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Who’s Afraid of Adventist Wolves?

In the last year and a half, I have begun to observe a strange trend in Adventism. To be completely frank: I’m worried. We have become insecure in our ability to raise and educate our children in our own homes. We have abdicated our responsibility to train our children and instead depend our our Seventh-day Adventist educational institutions to do the job the family should be doing.

This is not just a response to Walla Walla University’s budding controversy over internet censorship. It’s also the pedagogy of origins debate that is raging at La Sierra University. It’s also a response to one of the votes that came up at the Northern California Conference constituency meeting. (Yes, I attended just to listen since I was not an official delegate.)

Adventism is very afraid right now. We are afraid for very little reason. We have become afraid of that which we have constructed to be dangerous to our faith. In our post-colonial world we have become the moral colonists. We continue to assert our logical positivism. This on the whole is not the problem or the issue that I am observing. It is good to be firm in our belief system. However, it is the point that this has lead us to.

Just like the western colonists of not so long ago, we have found an irrational fear of losing what little bit of control we have. Hatred arises in the middle classes when they fear losing what they had. The good people of our church are terrified of losing what little control we have over our children. They are terrified that their children will lose their way when distracted by the ways of the world. Parents are terrified about their children and the internet addictions they struggle with. Parents are afraid that their students might have to grapple with concepts like “atheism,” “LGBT,” and “evolution.” However, this does not stem from a true firmness in our beliefs, but rather from a developed insecurity about our beliefs and more importantly in the way we have raised our own children.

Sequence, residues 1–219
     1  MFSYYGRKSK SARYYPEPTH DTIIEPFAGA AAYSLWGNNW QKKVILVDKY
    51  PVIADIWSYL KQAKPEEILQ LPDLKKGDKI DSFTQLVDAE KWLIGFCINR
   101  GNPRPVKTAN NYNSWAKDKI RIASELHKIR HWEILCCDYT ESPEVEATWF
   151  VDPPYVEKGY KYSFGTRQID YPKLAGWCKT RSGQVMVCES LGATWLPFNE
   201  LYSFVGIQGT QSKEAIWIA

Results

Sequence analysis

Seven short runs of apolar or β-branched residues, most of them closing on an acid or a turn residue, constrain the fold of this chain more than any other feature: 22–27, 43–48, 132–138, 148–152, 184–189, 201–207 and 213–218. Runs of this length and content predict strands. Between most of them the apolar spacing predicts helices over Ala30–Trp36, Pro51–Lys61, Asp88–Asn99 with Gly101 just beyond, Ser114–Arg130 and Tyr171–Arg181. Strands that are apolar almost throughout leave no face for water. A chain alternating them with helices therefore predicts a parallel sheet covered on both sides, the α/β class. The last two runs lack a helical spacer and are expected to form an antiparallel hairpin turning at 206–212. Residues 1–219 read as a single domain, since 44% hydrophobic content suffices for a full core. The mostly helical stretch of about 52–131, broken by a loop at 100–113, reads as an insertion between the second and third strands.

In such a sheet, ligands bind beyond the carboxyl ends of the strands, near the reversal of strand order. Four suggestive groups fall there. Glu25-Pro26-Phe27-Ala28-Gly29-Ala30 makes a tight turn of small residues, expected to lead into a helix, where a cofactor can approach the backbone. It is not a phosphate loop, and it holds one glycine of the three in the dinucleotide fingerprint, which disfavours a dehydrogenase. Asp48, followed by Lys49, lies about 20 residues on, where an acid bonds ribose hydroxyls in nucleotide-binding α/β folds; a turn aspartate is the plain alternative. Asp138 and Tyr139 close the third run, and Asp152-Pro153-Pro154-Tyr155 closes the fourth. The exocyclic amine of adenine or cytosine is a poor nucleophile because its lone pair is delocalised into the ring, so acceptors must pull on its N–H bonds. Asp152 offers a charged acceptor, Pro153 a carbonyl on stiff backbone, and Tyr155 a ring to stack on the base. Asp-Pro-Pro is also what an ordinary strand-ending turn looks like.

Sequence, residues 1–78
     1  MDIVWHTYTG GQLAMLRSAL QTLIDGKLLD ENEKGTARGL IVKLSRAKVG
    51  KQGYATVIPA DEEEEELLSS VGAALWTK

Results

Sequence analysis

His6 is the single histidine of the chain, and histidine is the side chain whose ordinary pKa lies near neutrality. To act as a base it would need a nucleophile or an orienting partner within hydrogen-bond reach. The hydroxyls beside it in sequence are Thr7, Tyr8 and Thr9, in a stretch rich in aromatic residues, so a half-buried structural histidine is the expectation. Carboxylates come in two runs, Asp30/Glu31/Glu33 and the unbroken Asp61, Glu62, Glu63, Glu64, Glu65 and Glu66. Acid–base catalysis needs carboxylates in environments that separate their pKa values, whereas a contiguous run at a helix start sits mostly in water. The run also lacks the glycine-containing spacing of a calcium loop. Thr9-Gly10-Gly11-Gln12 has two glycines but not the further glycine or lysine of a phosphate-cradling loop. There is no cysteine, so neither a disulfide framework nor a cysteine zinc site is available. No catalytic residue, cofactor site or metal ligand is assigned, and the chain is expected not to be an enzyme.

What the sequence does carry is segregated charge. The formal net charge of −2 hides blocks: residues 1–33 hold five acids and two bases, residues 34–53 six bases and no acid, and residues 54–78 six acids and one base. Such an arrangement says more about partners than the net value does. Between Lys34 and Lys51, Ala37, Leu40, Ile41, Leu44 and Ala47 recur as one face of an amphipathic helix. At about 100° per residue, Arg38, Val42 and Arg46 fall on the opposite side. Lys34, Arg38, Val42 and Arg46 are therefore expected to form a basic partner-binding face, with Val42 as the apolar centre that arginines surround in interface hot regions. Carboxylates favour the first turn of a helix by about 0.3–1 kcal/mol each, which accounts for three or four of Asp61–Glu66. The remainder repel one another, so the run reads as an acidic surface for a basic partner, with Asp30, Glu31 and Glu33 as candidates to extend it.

The role of the family is to teach our children about God and Jesus and to give them a basis for our faith system. The role of our elementary schools should be to reinforce this while beginning to educate our children how to function in society. This should continue through high school. By the time our children graduate from high school and are ready for college, if they have been raised well, we as parents should have nothing to fear.

The Bible says, “Raise up a child in the way he should go and he will not depart from it.” (Proverbs 22:6) Do not leave the job of raising up your children to our colleges and universities. It is not their job. (They must have been given the basis long before reaching the college level.) The job of our colleges and universities should be to challenge and push our students to academic, spiritual, and personal excellence. To push our students to the next level, to learn to love as Christ loved. To teach us this, our colleges must treat us, the students, with the same level of respect we hold for our professors.